The 7th Annual Guide to Retinal Disease

This year’s Annual Guide to Retinal Disease includes: 

Clinical Application of Electrodiagnostic Testing, pg. 4 By Julie K. Hutchinson, O.D., and Andrew S. Gurwood, O.D., F.A.A.O., Dipl.
Electrodiagnostic testing is often an overlooked and underutilized tool for diagnosing and monitoring several diseases of the optic nerve, macula and retina. Such testing may also be helpful in differentiating subclinical retinal pathologies from functional vision loss. Here, Drs. Hutchinson and Gurwood review several different forms of electrodiagnostic testing as well as discuss how these tests can help clinicians diagnose several devastating retinal conditions, such as retinitis pigmentosa, Best’s disease and Stargardt’s disease.

• PHP Technology: A New Concept in Monitoring AMD, pg. 8 By Steven Ferrucci, O.D., F.A.A.O., and Jay M. Haynie, O.D., F.A.A.O.
Age-related macular degeneration is a leading cause of severe vision loss and legal blindness in patients older than 65 years of age. Fortunately, earlier disease detection with advanced technologies, such as preferential hyperacuity perimetry, will help give your AMD patients an opportunity to maintain functional vision throughout life. “One critical factor in the successful management of AMD is early monitoring to help detect the onset of neovascular AMD as soon as possible, when lesions are still relatively small and visual acuity is not greatly affected,” explain Drs. Ferrucci and Haynie. Therefore, “The Foresee PHP preferential hyperacuity perimeter (Reichert Technologies) was designed specifically to monitor dry AMD patients for the early development of choroidal neovascular membrane (CNV).”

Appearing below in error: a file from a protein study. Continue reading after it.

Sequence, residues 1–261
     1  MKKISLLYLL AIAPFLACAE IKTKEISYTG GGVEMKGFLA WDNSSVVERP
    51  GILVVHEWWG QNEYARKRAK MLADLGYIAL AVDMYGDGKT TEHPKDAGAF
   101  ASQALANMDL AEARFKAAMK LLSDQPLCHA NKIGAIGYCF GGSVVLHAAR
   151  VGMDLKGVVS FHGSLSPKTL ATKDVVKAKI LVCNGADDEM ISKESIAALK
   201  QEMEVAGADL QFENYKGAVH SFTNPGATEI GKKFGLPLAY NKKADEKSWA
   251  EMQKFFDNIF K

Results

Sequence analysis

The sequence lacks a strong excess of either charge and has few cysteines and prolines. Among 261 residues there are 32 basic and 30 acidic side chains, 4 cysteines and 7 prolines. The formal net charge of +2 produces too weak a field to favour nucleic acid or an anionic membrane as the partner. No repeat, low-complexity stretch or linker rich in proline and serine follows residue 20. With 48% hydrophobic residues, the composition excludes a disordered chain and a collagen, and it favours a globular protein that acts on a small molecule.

• Retinal Venous Occlusions: A Systematic Review and Update on Current Treatment Options, pg. 12 (earn 1 CE credit) By William D. Kress, O.D.
Retinal vein occlusion (RVO) is one of the most common acquired retinal vascular diseases in adults. It is your duty to correctly identify the ocular manifestations of retinal venous occlusion, educate your patients on the associated findings, consider indicated laboratory testing, and provide appropriate treatment and management options based upon documented clinical evidence. Here, Dr. Kress discusses the risk factors, symptoms and pathophysiology of RVO as well as several management considerations and treatment options.

• Genetic Advancements in AMD: A Glimpse at the Future, pg. 18 By Mark T. Dunbar, O.D., F.A.A.O.
Anti-VEGF therapy is the current standard of care for the treatment of wet AMD. But, even as remarkable as anti-VEGF treatment is, there are some drawbacks. Fortunately, current and ongoing genetic research has helped us to better understand the intricate disease processes associated with dry AMD development. In the very near future, these findings may ultimately lead to the production of several cutting-edge pharmaceutical agents that specifically target the genes responsible for macular degeneration. “Even though it may be several years before we actually know if any of these drugs work, it appears that we have taken a giant step forward in combating, or even completely curing, age-related macular degeneration,” Dr. Dunbar concludes.